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Root canals are rarely needed in children.
However, there are instances when a root canal becomes necessary in an older child. Before root canal therapy came into practice, if your child had a tooth with a diseased nerve, she'd probably lose that tooth.
Underneath each tooth's outer enamel is an area of soft tissue called the pulp, which carries the tooth's nerves, veins, arteries, and lymph vessels. Root canals are very small, thin divisions that branch off from the top pulp chamber down to the tip of the root. A tooth has between one and four root canals.
When the pulp becomes infected - usually from a deep cavity or fracture that allows bacteria to creep in, or injury due to trauma, it can die. Damaged or dead pulp causes increased blood flow and cellular activity, and pressure cannot be relieved from inside the tooth. Pain in the tooth is commonly felt when biting down, chewing on it, and applying hot or cold foods and drinks.
Left untreated, pus builds up at the root tip, in the jawbone, forming a "pus-pocket" called an abscess. An abscess can cause damage to the bone around the teeth. Without root canal therapy, the tooth may have to be pulled, causing surrounding teeth to shift crookedly, and resulting in a bad bite. The space left behind may require an implant or a bridge, which can be more expensive than root canal therapy.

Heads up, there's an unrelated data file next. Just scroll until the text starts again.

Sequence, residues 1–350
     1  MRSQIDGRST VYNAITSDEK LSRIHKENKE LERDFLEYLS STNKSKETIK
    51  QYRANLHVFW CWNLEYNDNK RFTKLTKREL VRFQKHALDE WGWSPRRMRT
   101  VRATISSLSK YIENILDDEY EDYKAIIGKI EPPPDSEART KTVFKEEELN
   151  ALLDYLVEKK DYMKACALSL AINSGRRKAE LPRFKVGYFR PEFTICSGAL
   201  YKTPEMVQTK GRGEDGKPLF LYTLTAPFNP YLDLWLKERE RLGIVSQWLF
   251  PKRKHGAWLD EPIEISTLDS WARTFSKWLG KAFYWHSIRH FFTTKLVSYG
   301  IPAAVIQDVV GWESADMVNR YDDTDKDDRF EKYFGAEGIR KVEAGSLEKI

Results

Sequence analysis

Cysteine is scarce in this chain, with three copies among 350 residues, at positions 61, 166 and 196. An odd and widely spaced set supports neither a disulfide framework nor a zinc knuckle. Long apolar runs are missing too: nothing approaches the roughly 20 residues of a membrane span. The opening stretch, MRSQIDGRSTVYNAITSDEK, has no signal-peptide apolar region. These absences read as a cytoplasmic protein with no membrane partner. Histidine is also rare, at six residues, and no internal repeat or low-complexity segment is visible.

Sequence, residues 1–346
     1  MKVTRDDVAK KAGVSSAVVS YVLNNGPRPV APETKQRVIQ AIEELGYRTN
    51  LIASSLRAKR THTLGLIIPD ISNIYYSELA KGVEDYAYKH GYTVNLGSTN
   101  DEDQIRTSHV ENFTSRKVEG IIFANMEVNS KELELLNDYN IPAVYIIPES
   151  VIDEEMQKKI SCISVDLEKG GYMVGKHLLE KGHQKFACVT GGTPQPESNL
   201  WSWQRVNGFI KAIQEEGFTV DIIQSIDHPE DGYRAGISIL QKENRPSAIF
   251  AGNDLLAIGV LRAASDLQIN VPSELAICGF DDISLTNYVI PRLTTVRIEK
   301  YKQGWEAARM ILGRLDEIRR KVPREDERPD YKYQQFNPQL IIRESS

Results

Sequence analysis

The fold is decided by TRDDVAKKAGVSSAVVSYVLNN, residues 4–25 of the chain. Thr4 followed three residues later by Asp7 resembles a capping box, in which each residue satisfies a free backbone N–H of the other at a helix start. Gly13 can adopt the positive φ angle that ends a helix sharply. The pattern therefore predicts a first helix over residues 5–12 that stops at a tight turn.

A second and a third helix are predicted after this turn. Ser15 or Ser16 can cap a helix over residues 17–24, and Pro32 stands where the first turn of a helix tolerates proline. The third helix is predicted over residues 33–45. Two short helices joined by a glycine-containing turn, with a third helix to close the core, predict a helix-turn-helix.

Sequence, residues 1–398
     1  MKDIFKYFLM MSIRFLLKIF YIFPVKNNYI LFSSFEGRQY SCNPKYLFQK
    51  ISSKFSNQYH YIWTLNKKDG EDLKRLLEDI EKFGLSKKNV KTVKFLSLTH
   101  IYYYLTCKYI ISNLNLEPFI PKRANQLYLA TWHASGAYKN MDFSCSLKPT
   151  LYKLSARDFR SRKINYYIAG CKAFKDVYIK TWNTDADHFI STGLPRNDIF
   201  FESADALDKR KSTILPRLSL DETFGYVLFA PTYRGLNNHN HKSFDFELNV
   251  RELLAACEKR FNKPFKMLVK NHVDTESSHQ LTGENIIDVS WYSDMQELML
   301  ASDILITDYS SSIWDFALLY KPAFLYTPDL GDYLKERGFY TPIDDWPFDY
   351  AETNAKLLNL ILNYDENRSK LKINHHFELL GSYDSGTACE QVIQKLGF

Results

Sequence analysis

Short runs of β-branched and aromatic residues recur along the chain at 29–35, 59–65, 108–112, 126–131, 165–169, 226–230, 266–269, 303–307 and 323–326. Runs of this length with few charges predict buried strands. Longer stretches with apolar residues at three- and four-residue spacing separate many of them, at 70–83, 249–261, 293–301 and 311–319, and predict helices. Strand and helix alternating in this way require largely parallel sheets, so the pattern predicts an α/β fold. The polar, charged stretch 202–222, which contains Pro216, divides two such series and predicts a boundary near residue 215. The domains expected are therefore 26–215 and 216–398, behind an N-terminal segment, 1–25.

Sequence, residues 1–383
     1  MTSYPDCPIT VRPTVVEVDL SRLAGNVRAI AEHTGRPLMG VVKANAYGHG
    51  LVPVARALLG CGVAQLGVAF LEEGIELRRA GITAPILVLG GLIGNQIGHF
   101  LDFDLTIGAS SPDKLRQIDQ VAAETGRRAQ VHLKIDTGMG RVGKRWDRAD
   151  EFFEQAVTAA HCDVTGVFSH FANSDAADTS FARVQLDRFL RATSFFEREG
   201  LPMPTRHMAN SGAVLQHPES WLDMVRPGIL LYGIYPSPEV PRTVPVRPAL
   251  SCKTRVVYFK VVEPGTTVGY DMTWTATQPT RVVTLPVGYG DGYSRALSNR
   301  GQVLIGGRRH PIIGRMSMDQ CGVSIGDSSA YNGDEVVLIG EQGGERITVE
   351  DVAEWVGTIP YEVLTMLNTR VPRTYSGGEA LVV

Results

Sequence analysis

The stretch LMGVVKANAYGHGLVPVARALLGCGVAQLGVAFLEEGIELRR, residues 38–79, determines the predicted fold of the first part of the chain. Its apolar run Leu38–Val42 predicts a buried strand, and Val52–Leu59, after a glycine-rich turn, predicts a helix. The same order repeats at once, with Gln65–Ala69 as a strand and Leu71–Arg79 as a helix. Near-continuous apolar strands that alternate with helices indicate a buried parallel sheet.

Root canal therapy is performed in order to save the damaged or dead pulp in the root canal of the tooth. The procedure involves cleaning out the diseased pulp and reshaping the canal. The canal is filled with a rubber-like material to prevent recontamination of the tooth. The tooth is then permanently sealed with either a post or gold or porcelain crown. This enables you to keep most of your child's original tooth.
In most cases, a root canal is a relatively simple procedure with little or no discomfort involving one to three visits.
During the first visit, your child will probably be given a local anesthetic to numb the area. A rubber sheet is then placed around the tooth to isolate it. Next, a gap is drilled from the crown into the pulp chamber, which, along with any infected root canal, is cleaned of all diseased pulp and reshaped. Medication may be inserted into the area to kill bacteria and prevent additional infection. Depending on the tooth's condition, the crown may then be sealed temporarily to guard against recontamination, or the tooth may be left open to drain. In some cases, the canals may be filled right away.
On your child's next visit, a temporary filling (if one was applied during the first visit) is removed and the pulp chamber and canal(s) are filled with the rubber-like material to prevent recontamination. If the tooth is still weak, a metal post may be inserted above the canal filling to reinforce the tooth. Once filled, the area is permanently sealed. Finally, a gold or porcelain crown is normally placed over the tooth to strengthen its structure and improve appearance.
Root canals have an extremely high rate of success (usually higher than 95 percent).